Only a few months before the Coronavirus Act, the passage of the EU (Withdrawal Agreement) Act 2020 had provided the government with a trial run at ramming through legislation at breakneck speed. At some 100 pages in length, the Withdrawal Agreement Act completed its parliamentary stages in 12 sitting days with ‘remarkably for a bill of such complexity and significance, not a single amendment made it into the final text’.
Manifestly, each of these Acts are exceptional, both in the circumstances leading to their passage and in the scope of their provisions. They are also exceptional in the extent to which they were packaged within a wider parcel of secondary legislation to achieve their objectives. The extent to which the executive can politically distance itself from parliamentary scrutiny through the use of statutory instruments has long been of concern. They have not been dubbed Henry VIII powers for nothing. Thus, in the case of Brexit, the Hansard Society have pointed out that ‘much of the detailed implementation of Brexit will be done by the executive with limited parliamentary oversight’. Similarly, the implementation of coronavirus measures through the use of statutory instruments will be ‘politically distanced’ from parliamentary scrutiny.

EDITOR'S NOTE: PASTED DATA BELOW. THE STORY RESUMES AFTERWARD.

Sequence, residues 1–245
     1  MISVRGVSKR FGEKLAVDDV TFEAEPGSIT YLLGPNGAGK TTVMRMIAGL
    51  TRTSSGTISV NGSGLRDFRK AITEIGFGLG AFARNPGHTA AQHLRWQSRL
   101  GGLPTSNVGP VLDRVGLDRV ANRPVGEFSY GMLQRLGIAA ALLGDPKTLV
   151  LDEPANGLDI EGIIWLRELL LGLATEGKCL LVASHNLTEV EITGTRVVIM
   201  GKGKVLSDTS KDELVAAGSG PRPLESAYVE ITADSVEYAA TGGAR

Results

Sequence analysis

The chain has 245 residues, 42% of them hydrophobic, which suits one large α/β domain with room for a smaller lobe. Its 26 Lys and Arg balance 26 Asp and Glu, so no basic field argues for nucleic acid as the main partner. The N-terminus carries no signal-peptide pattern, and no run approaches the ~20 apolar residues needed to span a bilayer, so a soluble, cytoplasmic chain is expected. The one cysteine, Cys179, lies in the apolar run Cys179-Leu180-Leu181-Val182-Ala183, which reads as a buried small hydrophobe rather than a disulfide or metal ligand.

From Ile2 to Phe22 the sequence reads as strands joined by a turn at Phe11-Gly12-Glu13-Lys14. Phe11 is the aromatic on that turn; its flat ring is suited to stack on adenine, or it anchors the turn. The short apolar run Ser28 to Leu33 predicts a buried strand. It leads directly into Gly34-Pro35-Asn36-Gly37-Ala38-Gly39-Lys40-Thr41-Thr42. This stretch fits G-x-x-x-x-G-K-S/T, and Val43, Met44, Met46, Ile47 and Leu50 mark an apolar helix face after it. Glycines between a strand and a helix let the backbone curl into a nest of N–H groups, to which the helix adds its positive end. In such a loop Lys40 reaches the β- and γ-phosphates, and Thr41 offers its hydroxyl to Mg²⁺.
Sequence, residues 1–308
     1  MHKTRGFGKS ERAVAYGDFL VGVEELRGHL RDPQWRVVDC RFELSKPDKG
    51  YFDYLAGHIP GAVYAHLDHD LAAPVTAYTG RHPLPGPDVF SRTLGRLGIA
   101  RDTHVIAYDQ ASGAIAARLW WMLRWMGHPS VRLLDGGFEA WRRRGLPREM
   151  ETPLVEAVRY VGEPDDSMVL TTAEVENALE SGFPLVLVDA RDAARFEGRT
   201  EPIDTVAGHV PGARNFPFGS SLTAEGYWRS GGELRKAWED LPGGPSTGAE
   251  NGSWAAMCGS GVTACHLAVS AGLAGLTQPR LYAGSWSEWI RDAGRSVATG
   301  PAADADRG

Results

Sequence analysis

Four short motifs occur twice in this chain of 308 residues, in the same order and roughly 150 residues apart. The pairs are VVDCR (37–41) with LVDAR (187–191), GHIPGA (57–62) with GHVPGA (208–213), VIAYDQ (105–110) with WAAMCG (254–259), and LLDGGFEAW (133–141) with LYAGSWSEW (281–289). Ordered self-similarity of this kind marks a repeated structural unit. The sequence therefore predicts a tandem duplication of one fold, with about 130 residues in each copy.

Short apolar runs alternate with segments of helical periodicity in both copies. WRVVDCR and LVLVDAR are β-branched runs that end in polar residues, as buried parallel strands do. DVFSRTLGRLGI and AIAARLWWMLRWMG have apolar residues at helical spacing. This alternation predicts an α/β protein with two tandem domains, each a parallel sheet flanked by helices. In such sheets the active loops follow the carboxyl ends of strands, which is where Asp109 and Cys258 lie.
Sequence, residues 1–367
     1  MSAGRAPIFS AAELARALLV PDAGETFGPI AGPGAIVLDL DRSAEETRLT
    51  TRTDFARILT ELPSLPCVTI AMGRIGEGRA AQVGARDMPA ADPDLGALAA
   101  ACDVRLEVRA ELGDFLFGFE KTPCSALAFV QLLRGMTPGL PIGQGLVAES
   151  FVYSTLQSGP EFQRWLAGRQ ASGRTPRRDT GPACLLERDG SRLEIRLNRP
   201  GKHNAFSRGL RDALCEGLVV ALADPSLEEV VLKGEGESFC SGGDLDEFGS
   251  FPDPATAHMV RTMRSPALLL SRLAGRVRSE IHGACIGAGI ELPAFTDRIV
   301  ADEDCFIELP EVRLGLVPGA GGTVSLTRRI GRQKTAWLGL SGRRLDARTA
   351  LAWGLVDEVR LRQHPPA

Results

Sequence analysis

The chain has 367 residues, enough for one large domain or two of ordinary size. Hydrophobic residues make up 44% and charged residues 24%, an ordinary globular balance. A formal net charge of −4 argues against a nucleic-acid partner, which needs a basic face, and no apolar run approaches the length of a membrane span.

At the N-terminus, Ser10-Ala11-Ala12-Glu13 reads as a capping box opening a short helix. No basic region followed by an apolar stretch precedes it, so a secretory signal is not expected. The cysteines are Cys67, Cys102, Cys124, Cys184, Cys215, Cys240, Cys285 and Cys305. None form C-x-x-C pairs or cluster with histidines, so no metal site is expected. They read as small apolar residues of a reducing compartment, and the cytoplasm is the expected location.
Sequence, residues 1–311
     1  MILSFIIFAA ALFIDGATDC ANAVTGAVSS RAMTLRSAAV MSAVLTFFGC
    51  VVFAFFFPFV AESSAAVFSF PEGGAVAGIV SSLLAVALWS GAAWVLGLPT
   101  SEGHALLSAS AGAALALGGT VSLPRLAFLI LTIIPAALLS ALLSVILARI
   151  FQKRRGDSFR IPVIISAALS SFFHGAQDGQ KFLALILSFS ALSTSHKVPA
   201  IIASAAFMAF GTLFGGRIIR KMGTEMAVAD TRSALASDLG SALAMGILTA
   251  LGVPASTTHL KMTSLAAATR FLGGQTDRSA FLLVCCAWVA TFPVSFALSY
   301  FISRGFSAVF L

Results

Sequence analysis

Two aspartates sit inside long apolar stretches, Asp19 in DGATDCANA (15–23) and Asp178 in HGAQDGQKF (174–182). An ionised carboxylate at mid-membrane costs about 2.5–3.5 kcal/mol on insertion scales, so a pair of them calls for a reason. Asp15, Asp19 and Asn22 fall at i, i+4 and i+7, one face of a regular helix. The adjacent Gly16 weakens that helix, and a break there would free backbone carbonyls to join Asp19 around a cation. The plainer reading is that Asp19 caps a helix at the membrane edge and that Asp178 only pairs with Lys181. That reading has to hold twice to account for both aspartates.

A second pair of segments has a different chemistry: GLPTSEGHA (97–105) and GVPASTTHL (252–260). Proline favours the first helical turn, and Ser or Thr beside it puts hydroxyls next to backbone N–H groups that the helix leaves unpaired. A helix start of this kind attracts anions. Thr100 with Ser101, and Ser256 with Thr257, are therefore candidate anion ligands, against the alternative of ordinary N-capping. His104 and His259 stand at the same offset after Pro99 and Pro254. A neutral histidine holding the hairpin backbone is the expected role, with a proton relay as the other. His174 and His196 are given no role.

Increasingly, calls are now being made for the UK government to formulate and eventually implement an exit strategy from the ‘lockdown’ of social distancing. The assumption is that the current imperatives of physical distancing will slowly recede. When physical distancing eventually decreases at Westminster, the virulence of political distancing of government from parliamentary scrutiny will continue to infect the Commons. Calls for an exit strategy from such political distancing are unlikely to be listened to at a time of crisis, nonetheless, they should be made.
David Judge is Professor Emeritus of Politics at the University of Strathclyde.
All articles posted on this blog give the views of the author(s), and not the position of LSE British Politics and Policy, nor of the London School of Economics and Political Science. Featured image credit: by Makenna Entrikin on Unsplash